Should it appear from the affidavits of a party opposing the motion that the party cannot for reasons stated present by affidavit facts essential to justify the party's opposition, the court may refuse the application for judgment or may order a continuance to permit affidavits to be obtained or depositions to be taken or discovery to be had or may make such other order as is just.

“A party seeking to defer a ruling on summary judgment under Rule 56(f) must file an affidavit that explains why facts precluding summary judgment cannot be presented.  This includes identifying the probable facts not available and what steps have been taken to obtain these facts.”  Trask v. Franco, 446 F.3d 1036, 1042 (10th Cir.2006) (quotation and alteration omitted).  The nonmovant must also state with specificity how the additional time will enable him to rebut the movant's allegations of no genuine issue of material fact.  Id.;  see also Libertarian Party of New Mexico, 506 F.3d at 1309.

Ruleford failed to supply an affidavit to support its motion to extend discovery as required by Rule 56(f).  The purpose of the affidavit is to ensure the nonmoving party invokes the protections of Rule 56(f) in good faith.  Comm. for First Amendment v. Campbell, 962 F.2d 1517, 1522 (10th Cir.1992).  This requirement also allows the district court to assess the merit of the request.  Id.  Without the required affidavit specifically stating the evidence sought, Rule 56(f) relief is not available.  The district court, therefore, did not err in denying Ruleford's Rule 56(f) motion for extended discovery.8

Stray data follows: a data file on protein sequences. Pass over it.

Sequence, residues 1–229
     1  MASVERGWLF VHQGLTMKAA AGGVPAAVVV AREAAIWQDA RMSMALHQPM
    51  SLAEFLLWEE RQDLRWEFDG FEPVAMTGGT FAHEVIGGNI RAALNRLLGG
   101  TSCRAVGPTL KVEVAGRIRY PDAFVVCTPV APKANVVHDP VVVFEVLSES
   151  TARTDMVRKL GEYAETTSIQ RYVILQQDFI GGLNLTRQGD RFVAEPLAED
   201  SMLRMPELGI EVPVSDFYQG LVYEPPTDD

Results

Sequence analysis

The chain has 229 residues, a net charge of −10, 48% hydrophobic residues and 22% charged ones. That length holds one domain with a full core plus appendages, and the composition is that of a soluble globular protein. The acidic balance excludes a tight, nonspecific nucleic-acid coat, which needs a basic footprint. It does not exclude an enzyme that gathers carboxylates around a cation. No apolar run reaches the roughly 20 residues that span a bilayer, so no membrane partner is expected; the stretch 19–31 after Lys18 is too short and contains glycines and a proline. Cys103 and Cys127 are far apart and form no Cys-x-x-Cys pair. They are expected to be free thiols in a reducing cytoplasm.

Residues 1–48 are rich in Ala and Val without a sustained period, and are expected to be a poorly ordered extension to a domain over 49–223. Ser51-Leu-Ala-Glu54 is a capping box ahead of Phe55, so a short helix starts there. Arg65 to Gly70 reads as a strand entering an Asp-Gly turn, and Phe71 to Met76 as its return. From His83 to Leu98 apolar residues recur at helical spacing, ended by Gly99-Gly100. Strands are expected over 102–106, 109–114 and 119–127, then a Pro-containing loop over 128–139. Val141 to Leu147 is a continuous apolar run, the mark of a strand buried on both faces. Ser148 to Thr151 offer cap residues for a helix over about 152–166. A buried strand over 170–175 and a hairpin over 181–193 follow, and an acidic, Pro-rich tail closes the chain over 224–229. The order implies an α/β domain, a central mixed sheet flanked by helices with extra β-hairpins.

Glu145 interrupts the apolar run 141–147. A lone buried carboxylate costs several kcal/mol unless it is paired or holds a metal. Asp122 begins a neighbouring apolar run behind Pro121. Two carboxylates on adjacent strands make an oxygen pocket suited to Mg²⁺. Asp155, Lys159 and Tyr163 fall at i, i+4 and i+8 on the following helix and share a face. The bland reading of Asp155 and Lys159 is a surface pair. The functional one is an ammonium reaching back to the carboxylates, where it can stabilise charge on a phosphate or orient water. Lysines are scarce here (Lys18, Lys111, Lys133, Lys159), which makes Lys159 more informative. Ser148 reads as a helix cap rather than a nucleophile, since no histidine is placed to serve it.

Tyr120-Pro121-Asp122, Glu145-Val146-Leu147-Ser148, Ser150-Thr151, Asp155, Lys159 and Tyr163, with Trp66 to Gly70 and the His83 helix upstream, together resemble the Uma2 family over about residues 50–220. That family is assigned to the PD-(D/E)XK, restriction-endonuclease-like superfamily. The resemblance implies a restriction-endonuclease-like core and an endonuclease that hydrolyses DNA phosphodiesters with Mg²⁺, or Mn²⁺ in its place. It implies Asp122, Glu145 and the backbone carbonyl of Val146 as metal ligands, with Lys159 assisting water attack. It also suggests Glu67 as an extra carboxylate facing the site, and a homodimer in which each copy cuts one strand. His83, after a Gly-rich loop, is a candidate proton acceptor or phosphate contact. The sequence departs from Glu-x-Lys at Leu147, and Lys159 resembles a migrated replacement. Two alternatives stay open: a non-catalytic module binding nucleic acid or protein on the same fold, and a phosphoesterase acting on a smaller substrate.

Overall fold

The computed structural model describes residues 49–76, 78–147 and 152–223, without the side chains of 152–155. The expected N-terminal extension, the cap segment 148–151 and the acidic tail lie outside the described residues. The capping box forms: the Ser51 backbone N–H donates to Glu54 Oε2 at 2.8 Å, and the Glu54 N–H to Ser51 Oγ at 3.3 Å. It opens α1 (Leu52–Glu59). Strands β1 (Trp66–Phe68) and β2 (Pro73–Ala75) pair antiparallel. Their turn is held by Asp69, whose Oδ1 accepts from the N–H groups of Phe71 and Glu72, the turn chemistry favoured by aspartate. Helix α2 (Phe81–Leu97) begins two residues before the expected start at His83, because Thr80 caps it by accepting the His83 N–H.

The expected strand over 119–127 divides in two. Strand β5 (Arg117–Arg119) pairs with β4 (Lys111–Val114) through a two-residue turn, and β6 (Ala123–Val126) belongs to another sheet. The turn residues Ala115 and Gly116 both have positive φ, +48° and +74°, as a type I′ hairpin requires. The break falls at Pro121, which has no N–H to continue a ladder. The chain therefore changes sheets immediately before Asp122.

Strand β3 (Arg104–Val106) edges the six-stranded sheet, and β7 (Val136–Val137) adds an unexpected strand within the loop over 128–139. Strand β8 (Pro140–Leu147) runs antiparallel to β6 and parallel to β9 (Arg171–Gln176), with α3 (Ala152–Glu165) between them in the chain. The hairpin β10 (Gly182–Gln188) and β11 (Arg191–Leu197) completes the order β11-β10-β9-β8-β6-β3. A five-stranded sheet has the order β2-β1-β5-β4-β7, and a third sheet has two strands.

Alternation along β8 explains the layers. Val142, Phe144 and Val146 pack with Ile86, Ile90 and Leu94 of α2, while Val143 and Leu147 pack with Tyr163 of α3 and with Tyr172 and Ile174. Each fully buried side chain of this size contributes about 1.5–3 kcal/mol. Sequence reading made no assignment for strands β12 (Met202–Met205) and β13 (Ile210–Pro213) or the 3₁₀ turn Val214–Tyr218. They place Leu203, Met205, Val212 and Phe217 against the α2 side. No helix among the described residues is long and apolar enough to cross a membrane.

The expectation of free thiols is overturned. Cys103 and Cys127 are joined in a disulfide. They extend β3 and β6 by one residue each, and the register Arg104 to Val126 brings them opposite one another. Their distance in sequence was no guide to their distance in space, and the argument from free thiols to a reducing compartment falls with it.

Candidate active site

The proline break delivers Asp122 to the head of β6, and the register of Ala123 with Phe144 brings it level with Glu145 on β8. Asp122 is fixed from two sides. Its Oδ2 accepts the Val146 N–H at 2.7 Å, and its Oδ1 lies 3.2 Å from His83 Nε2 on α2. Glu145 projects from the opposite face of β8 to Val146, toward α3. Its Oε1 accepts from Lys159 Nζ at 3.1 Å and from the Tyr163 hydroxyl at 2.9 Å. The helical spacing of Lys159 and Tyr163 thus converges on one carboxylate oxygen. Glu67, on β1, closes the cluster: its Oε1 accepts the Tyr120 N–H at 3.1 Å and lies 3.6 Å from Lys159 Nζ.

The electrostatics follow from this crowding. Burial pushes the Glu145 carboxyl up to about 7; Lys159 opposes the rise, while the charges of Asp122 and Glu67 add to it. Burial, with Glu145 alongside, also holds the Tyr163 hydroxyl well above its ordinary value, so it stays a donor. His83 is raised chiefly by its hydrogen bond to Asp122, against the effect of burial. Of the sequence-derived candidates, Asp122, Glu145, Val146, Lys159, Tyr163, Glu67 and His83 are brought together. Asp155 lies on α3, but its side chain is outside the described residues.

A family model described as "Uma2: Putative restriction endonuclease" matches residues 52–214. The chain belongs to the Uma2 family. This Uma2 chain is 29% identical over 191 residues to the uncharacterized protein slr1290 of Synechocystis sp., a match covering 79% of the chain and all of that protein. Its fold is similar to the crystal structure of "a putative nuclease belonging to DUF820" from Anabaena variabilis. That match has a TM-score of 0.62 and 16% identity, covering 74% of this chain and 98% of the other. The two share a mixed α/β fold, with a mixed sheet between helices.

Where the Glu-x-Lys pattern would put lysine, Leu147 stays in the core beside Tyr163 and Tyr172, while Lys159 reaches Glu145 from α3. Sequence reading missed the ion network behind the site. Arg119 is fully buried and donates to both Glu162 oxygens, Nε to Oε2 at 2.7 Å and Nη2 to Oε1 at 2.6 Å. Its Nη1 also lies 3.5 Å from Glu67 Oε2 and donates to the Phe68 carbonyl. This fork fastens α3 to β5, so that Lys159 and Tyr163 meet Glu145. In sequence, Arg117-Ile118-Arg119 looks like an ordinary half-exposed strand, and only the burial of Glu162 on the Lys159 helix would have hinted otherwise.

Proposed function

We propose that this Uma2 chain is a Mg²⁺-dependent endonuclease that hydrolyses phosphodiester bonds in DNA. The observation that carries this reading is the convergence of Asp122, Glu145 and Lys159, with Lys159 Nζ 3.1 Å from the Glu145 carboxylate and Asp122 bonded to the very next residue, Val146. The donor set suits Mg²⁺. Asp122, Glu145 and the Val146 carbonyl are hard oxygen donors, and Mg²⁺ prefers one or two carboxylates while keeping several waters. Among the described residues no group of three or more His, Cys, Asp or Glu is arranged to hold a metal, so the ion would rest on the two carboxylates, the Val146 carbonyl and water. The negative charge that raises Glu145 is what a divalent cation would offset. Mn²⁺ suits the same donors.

Ruleford also argues the district court committed reversible error by failing to rule in a timely fashion on the joint motion to extend discovery, pursuant to Fed.R.Civ.P. 6(b)(1).  Under Rule 6(b)(1), the court may, for good cause, extend a deadline with or without a motion or notice so long as the request is made before the expiration of the deadline originally prescribed by the previous court order.  Under the original scheduling order, the district court instructed the parties to complete discovery prior to May 31, 2005.  The district court did not rule on the joint motion until July 21, 2005 when it denied the Rule 56(f) motion on the merits and denied the Rule 6(b)(1) motion as moot.

Although the district court did not rule on the joint motion until the deadline had passed, Ruleford wholly failed to demonstrate good cause.  As the district court found, Ruleford was dilatory in engaging in discovery.  He never sent written discovery requests and waited until the end of the discovery period to notice eighteen depositions in sixteen work days.  Although Tulsa World initially agreed to extend discovery, the court is not bound by the agreement of the parties.  In short, Ruleford has “offered no colorable reason why the discovery deadline should have been extended.”  Bolden v. Topeka, 441 F.3d 1129, 1151 (10th Cir.2006).  The district court did not, therefore, abuse its discretion in denying the extension.


For the foregoing reasons, this court affirms the district court's grant of summary judgment to the defendant.